It has been five years since I last heard Simon Trpčeski in a solo recital, and it was reassuring that the pianist and general musical dynamo from Macedonia still radiates the freshness, insight and communicative skills that singled him out twenty years ago, when he was barely out of his teens. Perhaps one shouldn’t infer too much from body language and photographs, but they do imply a compelling mix of energy, quizzical humour, and a profound, far-sighted musical judgment. The humour was in evidence in the way he waited for a horde of late-comers to settle with a patient hauteur worthy of Dame Edna Everage – and it is probably no longer worth recording that the more eager fans were fearless in filming and recording him this evening.
The judgment and discernment, along with his talent to wrong-foot those there for his undeniable barnstorming virtuosity, were there in abundance in the first piece on his programme, Brahms’s Sixteen Variations on a theme by Robert Schumann, in a performance that dug deep into the music’s constant deflections into veiled secrecy. Brahms wrote them the year after his momentous first meeting with Robert and Clara Schumann in 1853, and inexplicably they are rarely programmed. The theme is the fourth of Schumann’s Bunte Blätte, and Brahms dedicated the set to Clara in the wake of her husband’s first suicide attempt. Trpčeski’s perceptiveness is a given, but he surpassed himself in the way he presented these Schumann Variations both as a product of the young, audacious pianist/composer and as a herald of the introspective depths of his late piano music. The care Trpčeski took with layering tone and weight, so that Schumann’s solemn theme sometimes became an almost subliminal presence, made the music by turns tender, capricious and suggestive. More than that, though, he made it easy for us to imagine Brahms alluding to the characters – Robert, Clara – in the ménage that so profoundly changed the course of his life.
It set the bar high for the evening as a whole, and Liszt’s Soirées de Vienne, his transcriptions of Schubert dances, sounded slight by comparison, although the quality of Trpčeski’s playing effortlessly embraced the sheen of sophistication that Liszt adds to the charm of Schubert’s little waltzes. Just occasionally you wondered if they need delight us quite so long, but resistance to Trpčeski’s lightness of touch, a cultivated sense of colour and shade, and his lightly-worn virtuosity was futile. His pedaling was subtle in the extreme, which showed off the seamless strength of his legato playing to its best advantage, and he directed Liszt’s objective appropriation of another composer very stylishly.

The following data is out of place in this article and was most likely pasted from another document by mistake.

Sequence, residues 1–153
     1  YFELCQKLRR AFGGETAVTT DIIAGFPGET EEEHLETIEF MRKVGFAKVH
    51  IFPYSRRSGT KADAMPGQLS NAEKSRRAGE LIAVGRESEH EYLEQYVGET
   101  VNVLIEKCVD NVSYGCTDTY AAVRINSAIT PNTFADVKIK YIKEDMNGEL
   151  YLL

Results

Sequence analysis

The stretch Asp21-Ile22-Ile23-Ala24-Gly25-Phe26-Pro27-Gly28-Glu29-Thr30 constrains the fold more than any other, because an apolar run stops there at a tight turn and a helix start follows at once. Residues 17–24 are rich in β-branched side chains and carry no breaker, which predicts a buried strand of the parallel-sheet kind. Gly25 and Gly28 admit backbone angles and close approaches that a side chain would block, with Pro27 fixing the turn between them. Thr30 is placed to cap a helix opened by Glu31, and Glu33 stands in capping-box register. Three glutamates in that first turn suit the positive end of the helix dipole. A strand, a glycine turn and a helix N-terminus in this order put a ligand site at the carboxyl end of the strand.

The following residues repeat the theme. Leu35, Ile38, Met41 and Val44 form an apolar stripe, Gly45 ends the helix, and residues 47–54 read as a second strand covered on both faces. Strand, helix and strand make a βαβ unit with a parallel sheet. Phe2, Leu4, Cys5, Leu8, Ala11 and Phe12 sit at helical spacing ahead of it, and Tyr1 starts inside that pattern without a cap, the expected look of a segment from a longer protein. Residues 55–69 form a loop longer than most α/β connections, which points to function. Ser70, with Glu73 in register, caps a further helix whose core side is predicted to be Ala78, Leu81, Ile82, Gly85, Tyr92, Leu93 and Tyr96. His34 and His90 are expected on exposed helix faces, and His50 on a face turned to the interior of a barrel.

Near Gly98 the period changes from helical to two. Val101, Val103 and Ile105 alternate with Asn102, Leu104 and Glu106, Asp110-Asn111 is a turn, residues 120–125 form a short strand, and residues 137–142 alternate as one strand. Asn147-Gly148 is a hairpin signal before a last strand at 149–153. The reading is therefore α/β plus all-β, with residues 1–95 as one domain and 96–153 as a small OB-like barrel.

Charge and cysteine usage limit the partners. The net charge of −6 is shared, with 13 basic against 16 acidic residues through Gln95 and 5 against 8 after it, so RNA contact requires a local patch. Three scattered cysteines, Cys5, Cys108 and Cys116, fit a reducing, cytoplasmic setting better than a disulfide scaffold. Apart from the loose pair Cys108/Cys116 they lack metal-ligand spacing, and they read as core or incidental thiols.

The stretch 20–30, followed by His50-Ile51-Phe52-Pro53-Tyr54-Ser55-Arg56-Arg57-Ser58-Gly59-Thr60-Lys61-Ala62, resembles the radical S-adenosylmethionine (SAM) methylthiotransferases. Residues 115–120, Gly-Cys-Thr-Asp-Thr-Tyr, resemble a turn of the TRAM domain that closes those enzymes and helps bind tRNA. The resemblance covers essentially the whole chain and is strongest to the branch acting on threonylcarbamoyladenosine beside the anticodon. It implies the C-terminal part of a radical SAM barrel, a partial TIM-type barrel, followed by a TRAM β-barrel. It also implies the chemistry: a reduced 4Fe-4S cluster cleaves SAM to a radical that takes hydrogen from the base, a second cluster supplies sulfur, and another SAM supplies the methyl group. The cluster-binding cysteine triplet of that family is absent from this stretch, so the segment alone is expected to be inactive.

After the interval, Trpčeski kept his audience waiting a bit longer for keyboard fireworks with Prokoviev’s Tales of an Old Grandmother, four technically straightforward pieces with no titles to give a clue as to what Gran is talking about. Trpčeski’s oblique way into the second piece increased the mystery of the music’s stealthy harmonies, and a keen sense of hesitancy in the third’s march rhythm opened out multiple interpretive possibilities. He has included this work on his most recent CD, Tales from Russia (Onyx), as he has the Konstantin Chernov transcription of Rimsky-Korsakov’s revision of Mussorgsky’s Night on the Bare Mountain, which was the point when keyboard showtime kicked in. Trpčeski worked hard to give us the full demonic carnival, but the arrangement needs a bit more Mephistophelian filler to cover the passages where the frenzy falls a bit flat. He was more persuasive in the quiet, religioso end, but that’s not really what you want from Mussorgsky’s stupendous and hellish vision.
Trpčeski finished with the unexpurgated anguish of Prokofiev’s ‘War’ Sonata No.7, in a performance that almost overdid the work’s spectacular nihilism. Trpčeski’s fury made the relief of the central Andante caloroso sound unusually imposing, and then he tore through the relentless finale like a racing driver whose car is on fire. With good reason, it brought the audience to their feet. He was generous with his encores, a March and a Humoreske Scherzo from Prokoviev’s Op. 12, Brahms’s familiar Waltz in A flat from Op. 39, and finally Shchedrin’s Humoreske, which showed off Trpčeski’s skills as an entertainer.